Originally published Thursday, August 19, 2004
He dangled, in midair, his right arm stretched skyward.
Pain burned through his hand, down his outstretched arm and into his bare torso. Nothing was actually visibly wrapped around his wrist, but he felt it. Whatever it was obviously suspended him, within a darkened void. No walls, no floor, no ceiling around him at all. Only a faint bit of light from far below him gave any indication that there was anything else around at all.
He struggled against the pain for conscious thought.
‘What is my name? Fucking pain! No. Nothing like that.’
Tears left him long ago. Tears don’t heal this kind of pain. He felt his heartbeat in his wrist, each beat causing a jolt of pain.
‘I must be a tortured hero. I must have delivered fire unto humanity in defiance of the gods.’
Once in a while a cold draft would blow pass him, sending a shiver through his naked, dependent body. A particularly strong wind would start him swaying, increasing the pain that his body could never quite adapt or adjust itself to. Each moment was like experiencing the excruciating pain for the first time. The muscles, ligaments, and tendons that held his arm and should together were slowly pulling apart. His shoulder would soon become dislocated.
‘Jacob. No. That’s my dad’s name. Thomas begets John. John begets Jacob. Jacob begets Mark. Mark. My name is Mark.’
Eternal pain. How long has it been?
Mark winced and breathed deeply which caused a slow spin. With his head hanging listlessly, he forced his eyes open, like he had done before, to see what he could see. A dark room, a void. Mark rolled his head to the side to look at his wrist. He squinted and though he could see the tether. A forged iron chain, each link covered in thorns, a hellish rose stem, twisted into binding links. The thorns pierced his flesh. In the dim light from below, Mark could make out dried blood all down his forearm.
‘How did I get here? What hell is this? What god have I offended? Forgive me my daily trespasses… my hourly trespasses… forgive my ignorance and my malice… if I had known this would be my punishment I would never have committed whatever sin it is I did that warranted this punishment.’
Mark thought of a scene he had read in the book Dune a thousand years ago, in the beginning of time, in the beginning of the pain. A young man was tested for his humanity by putting his hand in a box that caused pain. Dune. Paul. The test was to see if Paul would pull his hand from the box or if he would withstand the pain. Only a human would endure the pain. An animal would flee it.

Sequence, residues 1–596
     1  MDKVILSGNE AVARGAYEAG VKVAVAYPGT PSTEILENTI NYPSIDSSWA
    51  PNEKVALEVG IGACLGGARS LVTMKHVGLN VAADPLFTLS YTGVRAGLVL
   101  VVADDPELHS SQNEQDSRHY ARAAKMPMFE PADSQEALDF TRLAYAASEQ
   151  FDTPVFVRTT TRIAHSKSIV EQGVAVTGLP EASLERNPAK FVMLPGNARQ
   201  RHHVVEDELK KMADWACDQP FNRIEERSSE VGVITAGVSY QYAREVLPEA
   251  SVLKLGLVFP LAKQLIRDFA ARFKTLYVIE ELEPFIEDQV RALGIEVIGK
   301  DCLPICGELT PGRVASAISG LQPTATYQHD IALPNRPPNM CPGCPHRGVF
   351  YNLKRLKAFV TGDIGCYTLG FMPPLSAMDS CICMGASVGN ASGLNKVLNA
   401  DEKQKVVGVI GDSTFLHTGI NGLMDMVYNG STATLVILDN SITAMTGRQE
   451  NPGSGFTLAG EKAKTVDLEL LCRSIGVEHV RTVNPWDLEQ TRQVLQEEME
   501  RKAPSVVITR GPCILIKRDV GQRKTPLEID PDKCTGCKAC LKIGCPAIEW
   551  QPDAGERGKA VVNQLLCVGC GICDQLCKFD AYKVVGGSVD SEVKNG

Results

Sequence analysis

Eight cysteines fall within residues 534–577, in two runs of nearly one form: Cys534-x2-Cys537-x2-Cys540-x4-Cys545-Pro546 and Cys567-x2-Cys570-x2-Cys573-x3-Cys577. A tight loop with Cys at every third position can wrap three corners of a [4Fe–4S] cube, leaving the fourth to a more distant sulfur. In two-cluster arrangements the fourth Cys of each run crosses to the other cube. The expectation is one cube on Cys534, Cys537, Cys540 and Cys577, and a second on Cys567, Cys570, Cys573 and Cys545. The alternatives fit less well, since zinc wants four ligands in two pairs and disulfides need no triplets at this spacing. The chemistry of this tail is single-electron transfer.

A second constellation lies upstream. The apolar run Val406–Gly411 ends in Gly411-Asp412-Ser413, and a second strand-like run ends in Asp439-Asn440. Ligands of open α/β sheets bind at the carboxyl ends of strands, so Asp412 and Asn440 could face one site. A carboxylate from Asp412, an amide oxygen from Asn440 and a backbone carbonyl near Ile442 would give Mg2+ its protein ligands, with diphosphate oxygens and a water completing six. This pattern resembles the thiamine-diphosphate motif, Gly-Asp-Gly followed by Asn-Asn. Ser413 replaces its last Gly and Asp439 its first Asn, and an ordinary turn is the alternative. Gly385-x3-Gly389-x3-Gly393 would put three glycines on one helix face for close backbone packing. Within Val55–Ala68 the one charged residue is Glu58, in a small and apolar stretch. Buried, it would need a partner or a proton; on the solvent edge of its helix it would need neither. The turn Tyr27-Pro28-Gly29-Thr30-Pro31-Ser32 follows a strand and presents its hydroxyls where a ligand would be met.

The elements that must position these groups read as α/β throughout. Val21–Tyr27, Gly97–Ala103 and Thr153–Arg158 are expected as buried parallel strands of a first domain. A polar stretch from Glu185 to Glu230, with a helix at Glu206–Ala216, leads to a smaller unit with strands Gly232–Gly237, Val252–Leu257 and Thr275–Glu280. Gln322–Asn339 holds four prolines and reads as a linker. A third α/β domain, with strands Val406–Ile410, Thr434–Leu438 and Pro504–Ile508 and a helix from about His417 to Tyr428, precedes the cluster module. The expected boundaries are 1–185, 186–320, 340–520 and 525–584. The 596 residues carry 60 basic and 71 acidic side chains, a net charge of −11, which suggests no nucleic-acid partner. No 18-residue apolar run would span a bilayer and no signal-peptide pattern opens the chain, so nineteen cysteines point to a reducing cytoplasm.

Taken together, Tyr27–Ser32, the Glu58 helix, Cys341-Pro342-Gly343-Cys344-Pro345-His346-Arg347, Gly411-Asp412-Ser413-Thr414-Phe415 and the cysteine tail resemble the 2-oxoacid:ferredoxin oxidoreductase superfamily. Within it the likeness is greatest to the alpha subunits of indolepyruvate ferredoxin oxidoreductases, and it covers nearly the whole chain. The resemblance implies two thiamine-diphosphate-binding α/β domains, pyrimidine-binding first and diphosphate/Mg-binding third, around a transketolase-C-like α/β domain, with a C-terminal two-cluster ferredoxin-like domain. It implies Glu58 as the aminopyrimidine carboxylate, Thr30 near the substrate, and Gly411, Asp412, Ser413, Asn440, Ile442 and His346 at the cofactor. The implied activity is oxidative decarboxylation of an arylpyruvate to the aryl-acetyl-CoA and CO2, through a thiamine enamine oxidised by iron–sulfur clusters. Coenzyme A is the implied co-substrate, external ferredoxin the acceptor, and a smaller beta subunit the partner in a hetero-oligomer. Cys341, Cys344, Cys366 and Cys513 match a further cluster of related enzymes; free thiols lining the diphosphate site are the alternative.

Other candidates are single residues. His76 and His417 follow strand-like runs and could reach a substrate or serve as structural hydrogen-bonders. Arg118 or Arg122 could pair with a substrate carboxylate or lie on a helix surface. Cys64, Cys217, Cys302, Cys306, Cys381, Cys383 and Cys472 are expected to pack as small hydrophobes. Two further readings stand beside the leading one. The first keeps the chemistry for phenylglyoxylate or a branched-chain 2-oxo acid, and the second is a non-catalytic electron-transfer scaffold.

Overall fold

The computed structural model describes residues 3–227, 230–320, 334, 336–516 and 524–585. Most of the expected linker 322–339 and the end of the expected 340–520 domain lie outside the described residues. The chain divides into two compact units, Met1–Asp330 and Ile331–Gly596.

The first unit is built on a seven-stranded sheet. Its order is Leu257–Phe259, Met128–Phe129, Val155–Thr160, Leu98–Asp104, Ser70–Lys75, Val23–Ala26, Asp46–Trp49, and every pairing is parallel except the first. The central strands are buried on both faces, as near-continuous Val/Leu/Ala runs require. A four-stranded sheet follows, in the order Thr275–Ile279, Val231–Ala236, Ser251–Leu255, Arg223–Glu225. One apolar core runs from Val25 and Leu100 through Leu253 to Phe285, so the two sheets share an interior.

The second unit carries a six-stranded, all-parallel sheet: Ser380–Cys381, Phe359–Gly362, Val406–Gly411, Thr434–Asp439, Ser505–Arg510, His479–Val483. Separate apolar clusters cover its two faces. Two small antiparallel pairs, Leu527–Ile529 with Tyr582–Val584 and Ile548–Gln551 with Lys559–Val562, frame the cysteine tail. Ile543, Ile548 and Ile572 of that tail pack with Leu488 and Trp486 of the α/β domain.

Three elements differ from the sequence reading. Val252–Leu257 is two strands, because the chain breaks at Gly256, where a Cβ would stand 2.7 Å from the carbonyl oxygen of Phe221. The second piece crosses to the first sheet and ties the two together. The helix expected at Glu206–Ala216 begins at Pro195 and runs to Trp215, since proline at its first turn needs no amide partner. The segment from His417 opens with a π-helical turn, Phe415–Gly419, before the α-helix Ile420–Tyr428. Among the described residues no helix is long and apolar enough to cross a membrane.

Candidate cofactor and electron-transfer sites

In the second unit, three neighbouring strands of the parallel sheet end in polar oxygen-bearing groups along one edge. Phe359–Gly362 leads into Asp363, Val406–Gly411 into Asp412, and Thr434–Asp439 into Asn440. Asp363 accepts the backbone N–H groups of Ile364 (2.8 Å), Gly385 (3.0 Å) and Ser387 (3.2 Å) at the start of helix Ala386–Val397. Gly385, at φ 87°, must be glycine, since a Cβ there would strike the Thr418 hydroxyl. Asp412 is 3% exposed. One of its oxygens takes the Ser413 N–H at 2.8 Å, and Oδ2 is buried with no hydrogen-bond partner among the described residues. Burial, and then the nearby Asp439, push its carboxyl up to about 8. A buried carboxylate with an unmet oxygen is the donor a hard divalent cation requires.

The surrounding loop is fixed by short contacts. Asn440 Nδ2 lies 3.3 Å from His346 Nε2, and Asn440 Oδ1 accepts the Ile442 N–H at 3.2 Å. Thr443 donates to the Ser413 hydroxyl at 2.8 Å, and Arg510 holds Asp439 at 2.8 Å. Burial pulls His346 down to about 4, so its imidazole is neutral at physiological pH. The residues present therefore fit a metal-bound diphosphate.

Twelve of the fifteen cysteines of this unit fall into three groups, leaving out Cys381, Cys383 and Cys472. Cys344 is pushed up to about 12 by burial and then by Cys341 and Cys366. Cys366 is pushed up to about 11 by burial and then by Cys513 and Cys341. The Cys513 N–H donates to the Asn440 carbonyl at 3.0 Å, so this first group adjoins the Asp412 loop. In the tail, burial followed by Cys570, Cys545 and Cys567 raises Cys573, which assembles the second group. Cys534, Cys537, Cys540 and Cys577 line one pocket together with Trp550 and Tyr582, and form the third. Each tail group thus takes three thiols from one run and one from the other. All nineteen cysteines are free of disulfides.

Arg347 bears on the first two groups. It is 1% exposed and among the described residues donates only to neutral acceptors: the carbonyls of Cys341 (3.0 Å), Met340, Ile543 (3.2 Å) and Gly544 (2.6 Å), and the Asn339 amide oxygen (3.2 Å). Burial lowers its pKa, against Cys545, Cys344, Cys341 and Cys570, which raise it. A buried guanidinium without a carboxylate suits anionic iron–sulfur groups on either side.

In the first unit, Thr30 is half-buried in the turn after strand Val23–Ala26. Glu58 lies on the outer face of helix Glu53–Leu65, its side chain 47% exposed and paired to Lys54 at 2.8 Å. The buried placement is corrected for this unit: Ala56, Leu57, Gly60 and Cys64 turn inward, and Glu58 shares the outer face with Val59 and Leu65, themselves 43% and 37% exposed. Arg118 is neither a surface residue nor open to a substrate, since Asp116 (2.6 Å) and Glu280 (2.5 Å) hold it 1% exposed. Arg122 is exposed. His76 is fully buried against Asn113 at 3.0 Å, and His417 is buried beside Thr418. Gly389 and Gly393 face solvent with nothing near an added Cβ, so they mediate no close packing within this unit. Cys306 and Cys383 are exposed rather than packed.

Mark bowed his head trying to see through the darkness below him, trying to see what caused the dim light to shine. He could see nothing. With his remaining energy, he twisted his arm violently. The pain paralyzed his ability to scream, but he kept twisting his arm. Gashes appeared around his wrist, blood gently flowed. Mark struggled against his bond. He felt his flesh shred, but he didn’t stop his frantic thrashing. Mark looked like a fish caught on a hook, being lifted from the safety of the water.
He was an animal, not a human. The pain must have an end. A coyote would chew its own leg off to escape a trap. Isn’t that better? Escape the pain. Does it take courage to inflict a greater amount of pain upon yourself in hopes of ending all pain?
Mark didn’t care anymore. The chain ground against his bones now. He feared the fall, the descent into the darkness, the descent towards that dim light. The light of hope, or the light of a hell worse than this one.
‘Put a frog in boiling water and the frog jumps out. Put the same frog in a pot of water over low heat and it will remain there until it is cooked to death.’
Mark hoisted himself up, trying to grab hold of the chain with his left hand. His hand only touched air where the chain should have been. Tired from his efforts and overwhelmed by the pain, Mark slipped from consciousness.
All around Mark’s dependent body, drafts of air and winds whispered to him.
‘Don’t fight it, Mark,’ whooshed the winds.
‘The pain of hanging here isn’t so bad.’
‘Why trade a known for an unknown? The pain of hanging could be much better than the pain of falling, unsupported, into the void.’
‘Once you fall, you cannot return.’
‘Some actions cannot be undone.’
Mark didn’t know how long he had been unconscious. Time was meaningless in the void. When he finally woke, he noticed the skin of his arm had started to heal over the chain. He begged for death. Why wouldn’t he die from blood loss at least?
Without hesitation, he began in earnest to free himself. The sharp chain worked its way up his hand, peeling the skin along the way. Mark lifted himself up and let himself drop. Each drop peeled more skin. Each drop sent shockwaves of pain through his entire body. Each drop was closer to being free, closer to death, salvation, or damnation.
Another drop and the chain sliced through the bone of his thumb, which now tumbled into the darkness. Mark could feel the chain slipping up along his hand without his help. He was afraid now of the fall. He curled his fingers to catch the loop and to hold on tightly. Who was he to question the will of the gods?
There was no strength left in his hand and his fingers couldn’t hold onto the chain. Mark tumbled into the void. There was no scream.
He fell in the void.